MATTHIAS: Well, I am hardly a technology expert. Nor, I suspect, are most of the people reading this article. So I will try to keep my suggestions fairly general. First of all, if a developer has already been doing things the right way, accessibility is more a matter of tweaking than overhauling. In other words, it is often the exception rather than the rule that accessibility requires new technological innovations as opposed to just paying attention to existing standards and best practices. For example, technology giants such as Microsoft, Apple, and IBM (with respect to its own products rather than companies it has acquired) typically have full accessibility built in to their products before these products hit the market.  But even when a developer has not prioritized accessibility in the past and so must make more significant changes, it is far easier and cheaper to design new technologies with accessibility in mind than to attempt to go back and retro-fit older ones. Prioritizing the design of born-accessible technologies over the retro-fitting of existing ones also enables persons with disabilities to truly have the same digital experience, at the same time, as everyone else. Separate is notequal. And, because the digital world is such a rapidly changing place, where technologies are constantly becoming obsolete and being replaced by newer and newer ones, retro-fitting makes little practical sense anyway.

Second, if technology developers truly want to become inclusive, forward-thinking champions of digital accessibility, they need to sit down at the table and talk with disabled people and disability advocacy organizations. Disabled people know what they want and are advocating for themselves like never before. But they need technology developers to be willing to cooperate, so that they will not be forced to turn to legislation or litigation as last resorts.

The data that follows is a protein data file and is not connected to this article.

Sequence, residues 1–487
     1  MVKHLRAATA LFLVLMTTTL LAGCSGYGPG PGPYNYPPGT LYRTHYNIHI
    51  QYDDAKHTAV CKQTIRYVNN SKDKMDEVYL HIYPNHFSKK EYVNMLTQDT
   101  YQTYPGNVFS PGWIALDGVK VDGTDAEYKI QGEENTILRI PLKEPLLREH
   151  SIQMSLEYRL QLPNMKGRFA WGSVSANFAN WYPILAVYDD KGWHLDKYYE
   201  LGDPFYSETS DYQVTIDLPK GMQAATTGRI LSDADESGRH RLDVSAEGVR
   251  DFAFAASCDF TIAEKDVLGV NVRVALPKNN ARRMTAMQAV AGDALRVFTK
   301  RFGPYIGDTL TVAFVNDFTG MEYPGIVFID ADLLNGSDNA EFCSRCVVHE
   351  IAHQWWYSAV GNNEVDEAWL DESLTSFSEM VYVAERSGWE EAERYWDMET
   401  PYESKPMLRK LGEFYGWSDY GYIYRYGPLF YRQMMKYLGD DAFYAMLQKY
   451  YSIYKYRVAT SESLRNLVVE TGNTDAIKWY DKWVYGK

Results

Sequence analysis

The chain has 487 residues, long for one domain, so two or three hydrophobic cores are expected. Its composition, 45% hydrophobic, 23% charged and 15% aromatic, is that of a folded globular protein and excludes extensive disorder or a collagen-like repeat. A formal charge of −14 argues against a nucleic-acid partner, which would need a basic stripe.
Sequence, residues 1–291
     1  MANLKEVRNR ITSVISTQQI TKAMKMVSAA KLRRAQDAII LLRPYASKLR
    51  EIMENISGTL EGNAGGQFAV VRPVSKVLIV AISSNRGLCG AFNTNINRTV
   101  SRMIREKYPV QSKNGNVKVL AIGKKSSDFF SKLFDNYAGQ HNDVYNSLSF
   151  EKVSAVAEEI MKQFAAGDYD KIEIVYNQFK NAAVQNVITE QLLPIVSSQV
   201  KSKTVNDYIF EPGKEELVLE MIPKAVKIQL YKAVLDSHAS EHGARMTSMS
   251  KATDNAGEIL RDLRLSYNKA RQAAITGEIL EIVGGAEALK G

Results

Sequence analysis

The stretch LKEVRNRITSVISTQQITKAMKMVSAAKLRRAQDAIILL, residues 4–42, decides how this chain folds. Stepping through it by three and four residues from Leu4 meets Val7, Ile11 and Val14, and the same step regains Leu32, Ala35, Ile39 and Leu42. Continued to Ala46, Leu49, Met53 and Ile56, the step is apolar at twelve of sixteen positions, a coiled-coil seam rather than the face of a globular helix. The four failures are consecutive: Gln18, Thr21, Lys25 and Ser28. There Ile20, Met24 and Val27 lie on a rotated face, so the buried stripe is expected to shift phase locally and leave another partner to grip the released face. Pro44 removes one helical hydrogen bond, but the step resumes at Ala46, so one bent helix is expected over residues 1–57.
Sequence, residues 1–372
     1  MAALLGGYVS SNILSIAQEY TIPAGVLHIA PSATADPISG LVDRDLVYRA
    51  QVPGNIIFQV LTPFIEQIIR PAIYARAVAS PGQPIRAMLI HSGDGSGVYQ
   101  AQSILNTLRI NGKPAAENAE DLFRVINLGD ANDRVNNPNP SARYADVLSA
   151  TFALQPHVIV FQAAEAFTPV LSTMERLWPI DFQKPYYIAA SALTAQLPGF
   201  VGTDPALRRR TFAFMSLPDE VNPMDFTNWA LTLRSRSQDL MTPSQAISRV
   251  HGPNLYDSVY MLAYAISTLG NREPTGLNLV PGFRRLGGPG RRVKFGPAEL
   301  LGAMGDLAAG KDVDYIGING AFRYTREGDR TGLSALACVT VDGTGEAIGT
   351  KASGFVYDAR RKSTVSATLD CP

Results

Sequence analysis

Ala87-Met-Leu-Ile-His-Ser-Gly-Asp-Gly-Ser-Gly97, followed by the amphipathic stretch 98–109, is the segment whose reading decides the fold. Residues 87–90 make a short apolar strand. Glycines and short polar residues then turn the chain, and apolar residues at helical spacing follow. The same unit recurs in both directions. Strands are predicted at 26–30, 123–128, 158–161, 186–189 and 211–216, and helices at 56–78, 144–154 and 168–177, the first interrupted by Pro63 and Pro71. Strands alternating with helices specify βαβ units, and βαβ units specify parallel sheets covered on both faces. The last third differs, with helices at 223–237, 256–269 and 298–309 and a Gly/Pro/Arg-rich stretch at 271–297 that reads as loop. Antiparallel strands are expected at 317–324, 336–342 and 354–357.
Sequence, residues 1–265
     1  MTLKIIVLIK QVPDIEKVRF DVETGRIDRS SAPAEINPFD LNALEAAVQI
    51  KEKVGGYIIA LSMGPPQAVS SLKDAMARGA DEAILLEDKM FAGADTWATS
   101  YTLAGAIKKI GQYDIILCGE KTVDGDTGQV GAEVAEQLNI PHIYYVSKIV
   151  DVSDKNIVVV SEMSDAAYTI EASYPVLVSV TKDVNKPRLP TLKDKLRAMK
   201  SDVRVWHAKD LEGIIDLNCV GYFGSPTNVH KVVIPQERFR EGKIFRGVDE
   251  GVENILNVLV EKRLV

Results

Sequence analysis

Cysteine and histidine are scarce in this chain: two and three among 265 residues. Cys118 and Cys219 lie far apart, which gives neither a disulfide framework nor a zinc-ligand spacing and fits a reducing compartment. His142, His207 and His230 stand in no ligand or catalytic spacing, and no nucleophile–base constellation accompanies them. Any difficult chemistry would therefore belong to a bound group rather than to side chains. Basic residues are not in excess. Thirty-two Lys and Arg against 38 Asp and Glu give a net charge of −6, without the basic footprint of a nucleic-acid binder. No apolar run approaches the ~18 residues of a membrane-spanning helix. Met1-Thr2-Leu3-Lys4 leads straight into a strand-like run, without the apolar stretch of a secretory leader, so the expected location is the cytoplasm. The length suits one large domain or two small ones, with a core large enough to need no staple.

Finally, because it is an issue I know something about and because I understand that it continues to be a major problem, I want to make a few specific suggestions about web accessibility for the blind and print-disabled. Some technology developers object to making their websites accessible because they assume that doing so will be costly or difficult, or because they think that doing so will make their site less visually appealing. But, as mentioned above, the reality is that the cost of designing a new site so that it is accessible to screen-reader users—which is in fact negligible— is far less than is the cost and effort involved in attempting to retro-fit an existing website. And designers who are aware of screen-reader accessibility issues can design sites that are both visually appealing and also accessible by (1) constructing text-based rather than graphically-based menus, (2) using “tags” (brief textual descriptions) on all pictures and graphics, (3) ensuring that buttons, forms, and links are not only graphically but also textually labeled, and (4) inserting simple structural data such as heading levels to help screen-reader users quickly and easily navigate their sites. For more detailed accessibility guidance, Web designers should refer to the Web Content Accessibility Guidelines (WCAG) 2.0, developed by the World Wide Web Consortium (W3C).

DAN: And what are some suggested best practices for legal professionals to ensure that the technologies they are using in their practices are accessible?

MATTHIAS: I think my best practices for attorneys and other legal professionals can be summed up in three words: awareness, education, and implementation.

The first step, of course, is awareness of the issue. I would guess that the vast majority of attorneys and legal professionals have probably never encountered a person with a print disability, or even if they have, they probably haven’t observed or given much thought to how that person accesses digital information. So the mere realization that digital accessibility is a potential problem is a huge first step for most legal professionals. I hope that reading this article has brought about that awareness.